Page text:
Some non-gay entertainers have also used homosexuality to increase their profile. Razor Ramon Hard Gay (HG), a comedian, shot to fame after he began to appear in public wearing a leather harness, hot pants and cap. His outfit, name, and trademark pelvis thrusting and squeals earned him the adoration of fans and the scorn of many in the Japanese gay community.
The blanket term "yaoi" is an acronym for the phrase "Yama nashi, ochi nashi, imi nashi", which means "no peak, no point, no meaning". (A backronym meant as a joke identifies it as "Yamete, oshiri (ga) itai" which literally means "Stop, my ass hurts!").
"June" refers to plots containing homosexual romance and drama that feature mature adult male characters. "BL" ("Boys' Love") refers to stories that either contain younger characters, or more light-hearted romance (as an alternative to more sexual content). The phrase "shōnen-ai", translated from Japanese in the past as "boy love", is used to describe non-sexual homosexuality in either adult male characters or younger male characters. When manga or anime depicts sexual activities between young boys, or young boys with adults, it is known as "shotacon", which should not be confused with "shōnen-ai".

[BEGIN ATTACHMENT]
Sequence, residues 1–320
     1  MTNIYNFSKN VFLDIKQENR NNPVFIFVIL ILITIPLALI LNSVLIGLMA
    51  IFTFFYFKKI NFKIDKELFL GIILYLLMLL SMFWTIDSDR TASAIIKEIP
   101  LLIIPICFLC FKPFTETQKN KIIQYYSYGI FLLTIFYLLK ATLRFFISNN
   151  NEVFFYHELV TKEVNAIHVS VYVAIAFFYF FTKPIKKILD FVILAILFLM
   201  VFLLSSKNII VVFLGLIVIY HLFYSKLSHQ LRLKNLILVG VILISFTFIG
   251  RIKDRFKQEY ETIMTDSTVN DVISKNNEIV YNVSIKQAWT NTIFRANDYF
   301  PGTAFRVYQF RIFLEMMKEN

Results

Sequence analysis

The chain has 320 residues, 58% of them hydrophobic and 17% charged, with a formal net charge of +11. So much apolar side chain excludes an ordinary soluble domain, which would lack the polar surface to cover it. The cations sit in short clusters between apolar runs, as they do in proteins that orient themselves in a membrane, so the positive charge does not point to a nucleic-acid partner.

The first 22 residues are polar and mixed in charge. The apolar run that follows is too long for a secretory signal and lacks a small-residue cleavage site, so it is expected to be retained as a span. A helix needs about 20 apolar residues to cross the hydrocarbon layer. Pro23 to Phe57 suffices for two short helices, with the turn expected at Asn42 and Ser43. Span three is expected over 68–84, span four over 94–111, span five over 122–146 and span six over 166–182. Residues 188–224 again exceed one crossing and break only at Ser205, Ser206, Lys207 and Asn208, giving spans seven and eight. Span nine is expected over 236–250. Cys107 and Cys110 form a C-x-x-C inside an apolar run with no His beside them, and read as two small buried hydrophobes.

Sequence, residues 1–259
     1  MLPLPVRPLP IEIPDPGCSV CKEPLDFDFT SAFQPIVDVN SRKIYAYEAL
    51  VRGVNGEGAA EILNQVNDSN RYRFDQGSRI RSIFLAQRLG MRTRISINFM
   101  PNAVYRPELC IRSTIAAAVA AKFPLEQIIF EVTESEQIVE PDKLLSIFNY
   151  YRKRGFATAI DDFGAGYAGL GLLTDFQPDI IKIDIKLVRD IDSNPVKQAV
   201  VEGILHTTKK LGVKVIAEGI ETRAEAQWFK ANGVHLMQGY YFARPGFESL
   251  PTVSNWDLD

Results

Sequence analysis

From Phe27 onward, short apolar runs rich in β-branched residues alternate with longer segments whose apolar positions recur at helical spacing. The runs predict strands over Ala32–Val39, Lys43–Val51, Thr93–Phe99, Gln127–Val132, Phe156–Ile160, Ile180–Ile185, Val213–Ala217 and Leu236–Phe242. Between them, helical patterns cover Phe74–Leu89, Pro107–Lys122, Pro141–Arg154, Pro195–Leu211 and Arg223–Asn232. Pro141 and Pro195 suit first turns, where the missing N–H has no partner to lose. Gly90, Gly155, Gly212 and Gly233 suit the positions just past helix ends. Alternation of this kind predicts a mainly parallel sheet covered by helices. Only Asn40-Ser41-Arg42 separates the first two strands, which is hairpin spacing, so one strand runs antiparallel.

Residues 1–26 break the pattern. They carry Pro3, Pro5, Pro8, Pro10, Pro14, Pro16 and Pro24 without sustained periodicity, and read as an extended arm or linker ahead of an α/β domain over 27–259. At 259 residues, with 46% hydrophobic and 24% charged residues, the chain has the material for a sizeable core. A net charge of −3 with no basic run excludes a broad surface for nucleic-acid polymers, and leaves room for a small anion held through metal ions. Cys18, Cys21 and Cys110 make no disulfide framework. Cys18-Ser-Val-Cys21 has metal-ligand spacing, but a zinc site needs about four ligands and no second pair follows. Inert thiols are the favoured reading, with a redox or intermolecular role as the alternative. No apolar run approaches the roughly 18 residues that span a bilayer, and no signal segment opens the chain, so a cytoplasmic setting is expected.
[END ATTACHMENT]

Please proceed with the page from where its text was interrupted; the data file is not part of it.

Among the large fan demographics in North America and Europe, this terminology is more or less condensed to "yaoi" and "shōnen-ai"; "yaoi" is used in reference to graphic descriptions of homosexual sex and/or adult drama, and "shōnen-ai" is used in reference to romantic situations with younger characters.
Gei-comi ("gay-comics") are homosexual comics aimed at gay men. While yaoi comics often assign one partner to a stereotypical heterosexual female role, gei-comi generally depict both partners as masculine and in an equal relationship.
Lesbian content is much less widespread, but does exist, and is known as yuri. Yuri is pretty much a catch-all term, much more than yaoi, possibly due to the distribution of each. However, American and European fans tend to use yuri only in reference to stories with graphic depictions of lesbian sex, and label purely romantic stories as "shōjo-ai". (This frequently creates confusion, as, in Japan, the term shōjo-ai does not mean lesbian content; rather, it is used to describe stories with explicit sex between adult men and underaged girls.) Another word that has recently become popular in Japan as an equivalent of yuri is "GL" (meaning "Girls' Love" and obviously inspired by "Boys' Love").
Some manga, generally appealing more overtly to prurient interest, are directly aimed at the gay market. These, however, are uncommon and generally not found except in speciality shops.
Some anime and manga that are not specifically aimed at women or homosexuals also include gay characters as side-characters, such as Mr. 2 Bon Clay in the anime and manga One Piece, or Akito Wanijima in Air Gear, which are shōnen manga (manga that is targeted at young boys).
There are also several homosexual characters in the the animated works of Satoshi Kon.